Leadership Community Development
These three words convey the cornerstone of North Greenville University’s Outdoor Leadership (ODEL) degree.
Walking into Neves 101 feels like strolling into a cheerful family reunion. Students assemble around an oval table sharing adventure stories and simply savoring fellowship with each other.
When a new face stumbles into the department, students eagerly introduce themselves with warm smiles and excited energy that draws you in like a magnet. It does not take long before you learn everyone’s names.
This is exactly the type of environment that the ODEL Department Chair Nathan Ruffrage strives to create for students involved with the ODEL program. Ruffrage has been serving students at NGU for 11 years.
Ruffrage explained the primary ingredient that fuses students together stems from time spent in his favorite classroom: the outdoors.
Smaller class sizes also contribute to the strength of this hidden community on campus.
Ruffrage promotes the idea of transformational leadership by pouring into students’ lives and helping them become more focused disciples of Jesus.
At its core, the ODEL program seeks to train students on how to shape a community of individuals. Ruffrage summarized the goal of the ODEL program, “To teach students how to use the outdoors to inspire and hone our skills as leaders.”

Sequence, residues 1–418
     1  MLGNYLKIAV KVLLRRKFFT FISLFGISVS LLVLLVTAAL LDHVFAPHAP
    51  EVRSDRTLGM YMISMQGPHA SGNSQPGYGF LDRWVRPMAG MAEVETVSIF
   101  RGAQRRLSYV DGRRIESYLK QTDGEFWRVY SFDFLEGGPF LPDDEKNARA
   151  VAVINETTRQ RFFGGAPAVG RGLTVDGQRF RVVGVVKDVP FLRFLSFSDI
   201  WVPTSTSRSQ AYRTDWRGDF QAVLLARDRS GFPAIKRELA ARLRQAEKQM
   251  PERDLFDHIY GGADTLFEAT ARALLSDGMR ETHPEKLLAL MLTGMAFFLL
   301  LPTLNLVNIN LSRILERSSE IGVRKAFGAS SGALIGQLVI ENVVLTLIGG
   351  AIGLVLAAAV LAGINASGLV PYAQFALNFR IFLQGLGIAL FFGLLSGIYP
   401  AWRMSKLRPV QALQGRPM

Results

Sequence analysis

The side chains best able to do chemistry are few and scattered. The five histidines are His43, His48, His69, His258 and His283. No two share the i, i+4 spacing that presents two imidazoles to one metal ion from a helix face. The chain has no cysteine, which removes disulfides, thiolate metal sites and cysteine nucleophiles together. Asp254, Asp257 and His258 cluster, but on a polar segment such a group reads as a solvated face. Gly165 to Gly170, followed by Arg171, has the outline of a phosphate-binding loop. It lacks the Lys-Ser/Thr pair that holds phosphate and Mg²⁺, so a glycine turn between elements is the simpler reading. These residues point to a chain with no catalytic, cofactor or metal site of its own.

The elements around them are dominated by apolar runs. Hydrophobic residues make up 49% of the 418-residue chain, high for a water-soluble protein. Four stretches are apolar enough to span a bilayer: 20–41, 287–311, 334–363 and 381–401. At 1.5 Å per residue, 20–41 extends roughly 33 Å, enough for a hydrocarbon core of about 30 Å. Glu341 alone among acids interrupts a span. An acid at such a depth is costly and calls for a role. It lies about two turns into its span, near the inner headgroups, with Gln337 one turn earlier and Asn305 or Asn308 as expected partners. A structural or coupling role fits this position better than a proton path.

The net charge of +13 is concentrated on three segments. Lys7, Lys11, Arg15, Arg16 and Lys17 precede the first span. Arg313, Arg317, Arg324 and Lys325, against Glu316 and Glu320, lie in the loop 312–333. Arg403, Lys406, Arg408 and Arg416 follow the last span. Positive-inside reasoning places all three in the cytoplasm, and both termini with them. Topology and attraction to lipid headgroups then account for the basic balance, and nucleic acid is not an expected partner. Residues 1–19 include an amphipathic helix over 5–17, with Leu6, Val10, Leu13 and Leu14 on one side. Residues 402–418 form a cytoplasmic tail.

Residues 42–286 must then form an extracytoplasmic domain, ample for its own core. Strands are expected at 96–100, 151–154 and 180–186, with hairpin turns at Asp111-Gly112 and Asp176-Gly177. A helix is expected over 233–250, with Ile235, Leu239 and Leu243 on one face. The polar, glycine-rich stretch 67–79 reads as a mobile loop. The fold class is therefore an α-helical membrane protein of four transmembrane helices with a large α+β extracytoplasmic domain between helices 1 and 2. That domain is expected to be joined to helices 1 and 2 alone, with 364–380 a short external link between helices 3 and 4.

The ODEL department offers students the opportunity to develop their skills with several outdoor experiential components.
Wilderness Journey, a class offered to ODEL freshman, takes students on a two-week backpacking trip filled with surprising obstacles along the way.
Caroline Capell (expected ‘19) from Easley, recalled how her hiking trip for this class was the first time she had ever submersed herself into the outdoors. Capell shared how this particular trip showed her the beauty of learning how to work through a challenge.
“The bonding that occurred between me and my fellow students was so unique,” said Capell.
The ODEL program further equips students with an entire semester of immersive field-based teaching.
Capell shared one of her most treasured memories from that semester during a sea kayaking expedition in Florida. Kayaking as early as 5 a.m., the group would travel upwards of 30 miles a day.
Capell recalled how before the sun rose, everyone would silently paddle through the cold fog with chapped hands and weak spirits. Though silent, the group bonded together and understood each other’s trials while pushing through the demanding task.
But as the group pushed on the sun rose and shined through the mist, warming their hands and raising the groups’ spirits. Capell said that after the sun came up, everyone started talking and laughing with each other, rejuvenated and eager to continue the journey.
“You can find really special moments on almost any trip that you go on,” said Capell.
Another of Capell’s favorite expeditions with her classmates took place in Sand Rock, AL. During this trip, Capell learned climbing systems and theories, anchor building, and the basics of single pitch climbing by getting hands-on experience.
In the classroom, Ruffrage emphasizes group work, coaxing students out of their social bubbles. Ruffrage hopes to prepare students for situations where they might have to lead individuals with whom they don’t see eye to eye.
Organization and Administration of Outdoor Programs prepares students with the skills needed to maintain an outdoor business. Throughout the class, students learn the basics of business, specifically relating to the nature industry, and apply them to their designs for an outdoor experiential program.
NGU alumnus, Alex Smith (‘12), outlined and designed an outdoor program in this class and upon graduation, he brought his ideas to life.